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Soggy wet puck that's hard to knock out?

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  • Soggy wet puck that's hard to knock out?

    Hey fellow CS,
    I have been using my new Diadema Jnr semi auto machine now for a few months, and I'm still getting the hang of it.

    I recently did a barista course and was able to pull a good shot on their commercial machine 2 x 30ml in 30 secs with a fairly firm dryish puck.

    On my machine at home the extraction is still 60ml in 30 secs but its not as good. I cant get that "drippy" start and the flow seems a little more watery. but the biggest difference is when I remove the PF the top of the puck is really wet (almost soggy) and is hard to knock out...

    any ideas what is causing a very wet puck?

    thanks.

  • #2
    Under dose or too coarse ?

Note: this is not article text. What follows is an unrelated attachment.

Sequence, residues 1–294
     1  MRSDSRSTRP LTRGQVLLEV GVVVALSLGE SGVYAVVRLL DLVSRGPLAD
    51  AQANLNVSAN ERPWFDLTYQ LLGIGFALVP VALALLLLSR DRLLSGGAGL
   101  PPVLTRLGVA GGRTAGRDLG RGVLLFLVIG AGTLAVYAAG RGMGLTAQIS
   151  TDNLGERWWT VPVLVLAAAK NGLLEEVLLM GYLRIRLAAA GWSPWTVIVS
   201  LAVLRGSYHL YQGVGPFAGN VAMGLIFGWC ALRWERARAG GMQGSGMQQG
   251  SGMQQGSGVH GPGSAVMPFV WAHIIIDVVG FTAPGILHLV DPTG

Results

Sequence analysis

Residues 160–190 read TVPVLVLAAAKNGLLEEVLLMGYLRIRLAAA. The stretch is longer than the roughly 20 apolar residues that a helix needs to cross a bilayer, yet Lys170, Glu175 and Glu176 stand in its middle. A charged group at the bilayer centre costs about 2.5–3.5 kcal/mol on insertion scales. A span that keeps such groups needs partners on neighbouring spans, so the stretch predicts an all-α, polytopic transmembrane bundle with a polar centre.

Comment


    • #3
      Try a lighter tamp and adjust the grind to compensate.

      I find that if I tamp too hard (and therefore use a coarser grind) I get a soggy puck and slight doughtnutting (small dead spot in the centre of the basket).

      Comment


      • #4
        Tips for getting a base-line.


        1 Use the same dose the same each time.
        (overfill the basket and level flush with the top of the basket)

        2. Tamp consistent.
        (tamp as hard as you can, it will be more repeatable with less variation shot to shot)

        3. Adjust the grind as your ONLY variable
        (courser for a faster pour, finer for a slower pour).

        If you dose and tamp on a really fine grind and "choke" the pour so you only get a few drips you can then make adjustments to the grind to speed-up the pour until you are happy.